Punch Punch Switch Punch

Here’s a drill taken directly from my 125 Dynamite Drills ebook that I thought you might enjoy. It helps students understand the importance of correct distance, line and timing… 3 critical factors for fighting success.

Use it this week in class, see how it goes and be sure to post your comments…

– Jason


Drill Name: Punch, Punch, Switch, Punch

Equipment: partner or punch bag

Method: Both people stand with left leg forward, one “slide” away from each other. Together they simultaneously make reverse punch to the body, hitting and then recovering to their original stance. Immediately upon return to their stance, they slide in again and repeat the process.

The object is to build a “beat” to which you punch so that you both punch, punch, punch at exactly the same time.

After the 2nd punch, Person #1 changes stance as they pull back to recover (making sure they are out of striking range) and slides in to punch in the opposite stance with the opposite hand, before Person #2 delivers their punch.

The idea is for Person #1 to break the timing and hit before Person #2 has a chance.

Person #1 must make sure that they step to the outside line of Person #2 so they retain the advantage of having the sweep if required.

This is a great drill for timing and line work.

Notes: This drill can be done with one person and a punch bag.


For 100+ more karate drills and exercises to sharpen your skill sets you can get your copy of “125 Dynamite Drills” here. In the book I also reveal the advanced method for this drill plus a ton of others too.


Velcro to the rescue…

Here’s a neat little trick to help you keep your mats from sliding about…

I have those red/blue puzzle mats on my dojo floor, which is good because it allows us to do plenty of sweeps, throws and takedowns during our kumite sessions without the associated risk of injury (particularly where kids are concerned).

But one of the problems is that the mats like to move about from time to time particularly in the summer months as they heat up, expand and buckle. Especially after a big class with loads of students, even though the mats are secured on all 4 sides by walls and railings on the floor.
So I came up with a solution.
Yep, good ole Velcro.
I simply went to Walmart (shudder!) and bought 2 x 20′ self adhesive rolls that are 2″ thick and stuck one strip to the carpet under the mats (Velcro side down) , and peeled off the backing to stick the mats to the Velcro.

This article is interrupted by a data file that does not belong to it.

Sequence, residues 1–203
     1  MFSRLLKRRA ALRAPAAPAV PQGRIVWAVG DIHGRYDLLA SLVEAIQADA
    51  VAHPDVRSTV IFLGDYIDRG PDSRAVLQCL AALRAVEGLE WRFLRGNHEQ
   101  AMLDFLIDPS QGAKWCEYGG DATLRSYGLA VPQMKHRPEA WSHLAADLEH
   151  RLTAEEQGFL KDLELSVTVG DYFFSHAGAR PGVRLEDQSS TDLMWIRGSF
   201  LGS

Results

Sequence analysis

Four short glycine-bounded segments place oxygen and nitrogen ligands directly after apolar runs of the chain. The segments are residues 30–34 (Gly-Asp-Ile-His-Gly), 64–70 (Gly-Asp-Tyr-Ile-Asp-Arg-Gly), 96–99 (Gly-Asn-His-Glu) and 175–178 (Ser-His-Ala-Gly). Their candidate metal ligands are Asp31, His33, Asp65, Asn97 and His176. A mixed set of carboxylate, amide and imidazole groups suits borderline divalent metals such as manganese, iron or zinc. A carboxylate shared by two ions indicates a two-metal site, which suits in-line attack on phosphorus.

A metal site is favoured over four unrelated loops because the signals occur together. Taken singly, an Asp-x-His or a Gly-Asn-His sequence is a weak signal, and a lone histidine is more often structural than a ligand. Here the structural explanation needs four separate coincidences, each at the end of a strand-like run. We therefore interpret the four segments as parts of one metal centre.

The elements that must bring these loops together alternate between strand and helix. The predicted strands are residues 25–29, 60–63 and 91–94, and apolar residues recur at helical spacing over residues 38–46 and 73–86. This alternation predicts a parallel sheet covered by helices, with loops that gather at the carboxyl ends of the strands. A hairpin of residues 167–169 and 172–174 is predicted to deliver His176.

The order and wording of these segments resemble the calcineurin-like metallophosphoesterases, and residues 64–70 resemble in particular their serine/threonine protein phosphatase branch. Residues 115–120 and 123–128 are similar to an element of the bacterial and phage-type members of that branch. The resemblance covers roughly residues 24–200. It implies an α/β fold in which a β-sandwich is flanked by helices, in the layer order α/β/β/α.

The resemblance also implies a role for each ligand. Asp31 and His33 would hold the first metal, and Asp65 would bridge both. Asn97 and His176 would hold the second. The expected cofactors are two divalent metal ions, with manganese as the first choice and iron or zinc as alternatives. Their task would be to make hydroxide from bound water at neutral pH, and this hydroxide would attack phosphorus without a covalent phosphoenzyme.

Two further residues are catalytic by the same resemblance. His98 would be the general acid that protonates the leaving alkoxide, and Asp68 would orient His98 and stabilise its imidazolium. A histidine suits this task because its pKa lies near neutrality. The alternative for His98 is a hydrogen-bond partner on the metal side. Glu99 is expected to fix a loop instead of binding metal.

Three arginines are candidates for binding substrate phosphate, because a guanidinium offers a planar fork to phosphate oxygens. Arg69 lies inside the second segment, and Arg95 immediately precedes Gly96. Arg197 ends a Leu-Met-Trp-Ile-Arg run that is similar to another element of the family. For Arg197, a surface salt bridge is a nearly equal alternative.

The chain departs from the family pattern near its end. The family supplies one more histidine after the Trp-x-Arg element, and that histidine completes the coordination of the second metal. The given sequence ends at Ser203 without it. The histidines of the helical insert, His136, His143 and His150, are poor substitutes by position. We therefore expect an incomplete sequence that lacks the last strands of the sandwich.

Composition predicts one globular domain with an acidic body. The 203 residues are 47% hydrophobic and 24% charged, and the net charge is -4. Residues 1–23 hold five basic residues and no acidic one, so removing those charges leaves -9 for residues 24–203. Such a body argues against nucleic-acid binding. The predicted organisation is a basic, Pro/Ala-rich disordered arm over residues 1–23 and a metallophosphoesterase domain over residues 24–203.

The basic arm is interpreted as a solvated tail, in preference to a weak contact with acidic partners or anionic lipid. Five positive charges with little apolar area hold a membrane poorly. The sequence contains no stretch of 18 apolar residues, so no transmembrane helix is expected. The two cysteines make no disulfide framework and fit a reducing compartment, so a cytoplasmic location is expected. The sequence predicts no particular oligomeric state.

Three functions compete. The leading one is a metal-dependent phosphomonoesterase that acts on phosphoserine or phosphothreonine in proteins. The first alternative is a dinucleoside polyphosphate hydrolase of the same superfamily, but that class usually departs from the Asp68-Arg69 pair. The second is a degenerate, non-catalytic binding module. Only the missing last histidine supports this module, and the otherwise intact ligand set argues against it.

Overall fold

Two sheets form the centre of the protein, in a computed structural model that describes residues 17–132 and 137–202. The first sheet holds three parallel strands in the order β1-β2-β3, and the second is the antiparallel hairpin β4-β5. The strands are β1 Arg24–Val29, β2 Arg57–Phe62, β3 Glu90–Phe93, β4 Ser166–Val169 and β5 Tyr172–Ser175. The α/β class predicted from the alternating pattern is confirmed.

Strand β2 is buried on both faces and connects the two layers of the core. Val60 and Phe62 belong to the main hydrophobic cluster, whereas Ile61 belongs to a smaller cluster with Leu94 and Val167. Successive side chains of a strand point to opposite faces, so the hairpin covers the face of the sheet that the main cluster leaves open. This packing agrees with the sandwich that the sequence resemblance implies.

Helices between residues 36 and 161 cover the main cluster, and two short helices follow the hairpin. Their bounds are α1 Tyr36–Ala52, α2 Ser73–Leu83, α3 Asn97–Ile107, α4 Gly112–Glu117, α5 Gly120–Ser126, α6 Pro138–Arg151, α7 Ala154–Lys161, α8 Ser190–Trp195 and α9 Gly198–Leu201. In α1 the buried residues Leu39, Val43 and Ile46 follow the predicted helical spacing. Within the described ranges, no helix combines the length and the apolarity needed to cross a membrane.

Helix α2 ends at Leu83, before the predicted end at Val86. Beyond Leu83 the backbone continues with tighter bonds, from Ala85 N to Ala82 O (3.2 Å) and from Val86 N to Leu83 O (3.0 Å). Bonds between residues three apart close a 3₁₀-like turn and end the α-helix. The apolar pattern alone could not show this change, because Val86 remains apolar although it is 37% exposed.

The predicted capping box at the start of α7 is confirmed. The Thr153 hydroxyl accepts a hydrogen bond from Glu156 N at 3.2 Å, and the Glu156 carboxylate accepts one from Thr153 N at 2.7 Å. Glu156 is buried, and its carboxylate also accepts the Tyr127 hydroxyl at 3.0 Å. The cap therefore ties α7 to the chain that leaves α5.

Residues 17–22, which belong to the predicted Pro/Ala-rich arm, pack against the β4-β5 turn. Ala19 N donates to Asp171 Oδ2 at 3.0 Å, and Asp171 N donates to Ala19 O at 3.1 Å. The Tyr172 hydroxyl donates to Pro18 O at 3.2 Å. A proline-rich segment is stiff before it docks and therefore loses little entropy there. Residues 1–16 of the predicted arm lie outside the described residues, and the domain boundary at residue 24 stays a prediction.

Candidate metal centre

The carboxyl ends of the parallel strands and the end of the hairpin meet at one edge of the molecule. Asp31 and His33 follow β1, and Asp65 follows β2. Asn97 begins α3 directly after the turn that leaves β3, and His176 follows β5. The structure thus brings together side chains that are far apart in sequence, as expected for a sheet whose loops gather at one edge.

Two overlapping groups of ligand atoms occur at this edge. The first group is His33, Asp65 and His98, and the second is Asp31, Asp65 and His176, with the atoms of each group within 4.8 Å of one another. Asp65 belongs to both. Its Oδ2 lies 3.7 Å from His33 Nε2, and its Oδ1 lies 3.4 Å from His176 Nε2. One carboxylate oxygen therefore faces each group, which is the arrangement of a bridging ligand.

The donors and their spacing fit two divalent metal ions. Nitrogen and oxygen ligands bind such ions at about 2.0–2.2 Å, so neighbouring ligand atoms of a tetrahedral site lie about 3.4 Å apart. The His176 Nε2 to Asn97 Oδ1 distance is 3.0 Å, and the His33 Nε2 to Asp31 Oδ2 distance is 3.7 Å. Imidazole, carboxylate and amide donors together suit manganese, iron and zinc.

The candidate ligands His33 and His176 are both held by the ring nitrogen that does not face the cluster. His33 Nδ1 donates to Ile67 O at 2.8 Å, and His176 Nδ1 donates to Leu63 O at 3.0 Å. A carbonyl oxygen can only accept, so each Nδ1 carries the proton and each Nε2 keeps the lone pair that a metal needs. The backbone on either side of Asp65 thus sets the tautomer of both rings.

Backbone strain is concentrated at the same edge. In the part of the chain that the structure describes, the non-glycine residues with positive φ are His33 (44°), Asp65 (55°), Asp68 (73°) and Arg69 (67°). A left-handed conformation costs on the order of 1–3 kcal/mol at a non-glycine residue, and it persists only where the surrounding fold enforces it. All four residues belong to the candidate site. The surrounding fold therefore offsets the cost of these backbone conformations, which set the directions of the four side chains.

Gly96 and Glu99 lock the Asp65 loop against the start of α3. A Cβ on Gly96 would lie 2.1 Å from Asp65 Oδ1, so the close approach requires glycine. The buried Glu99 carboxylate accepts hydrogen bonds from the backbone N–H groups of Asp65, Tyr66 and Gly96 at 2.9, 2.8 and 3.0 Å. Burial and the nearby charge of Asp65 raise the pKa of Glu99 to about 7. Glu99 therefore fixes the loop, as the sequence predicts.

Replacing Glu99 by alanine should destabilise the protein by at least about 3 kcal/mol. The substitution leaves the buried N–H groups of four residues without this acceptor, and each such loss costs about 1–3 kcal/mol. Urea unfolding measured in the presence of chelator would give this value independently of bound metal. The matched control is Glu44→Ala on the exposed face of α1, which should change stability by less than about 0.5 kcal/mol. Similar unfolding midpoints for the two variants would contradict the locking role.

2 x rolls of industrial strength Velcro, $39
30 minutes installation, $0.
Mats staying put, priceless.

Try it out!

– Jason

IOC picks rugby and golf over karate… grrr

This news just in…

The executive board of the International Olympic Committee (IOC) met this week to choose two sports from a short list to be voted on in Copenhagen on October 9 for inclusion in the Olympics.

The list included the 7 following sports…

* karate
* squash
* golf
* rugby 7s
* baseball
* softball
* roller sports
In a separate poll, the International Sports Press Association voted karate as the first sport to be included, which is an indication of what the media wants to see… but the IOC board wasn’t interested, again.

Karate has taken a back seat once more and will NOT be included at this time in the Olympic program. The two sports chosen ahead of karate were:

* rugby 7s


* golf!

Are you kidding me?

The World Karate Federation has been working very hard for years and years to get this inclusion and has been very close in the past, yet our martial art has been rejected time and time again.

I’m sure it’s been a frustrating week for all those involved, and all I can say is thank you for your continued efforts in pushing karate to become an Olympic sport.

Fingers crossed for next time…

Read all about it here:


– Jason

Knives, sticks and karate…

As I type this week’s post I’m sitting here aching from head to toe…
I have a nice little egg shaped bruise on my forehead, right on the hair line courtesy of training knife clash. I also have a graze on the opposite cheekbone and my nose is tender to touch.
My right knee is hurting just below the knee cap for some reason and my triceps are killing me… but it all comes as a result of a good weekend.
“You got beat up and it’s a good weekend?”
Not exactly.
You see this past Saturday was the Festival Ng Mga Kapatid in Los Angeles, California. It’s an annual stick and knife fighting seminar and tournament that brings together loads of great competitors and fantastic instructors from different fighting systems from all over the USA.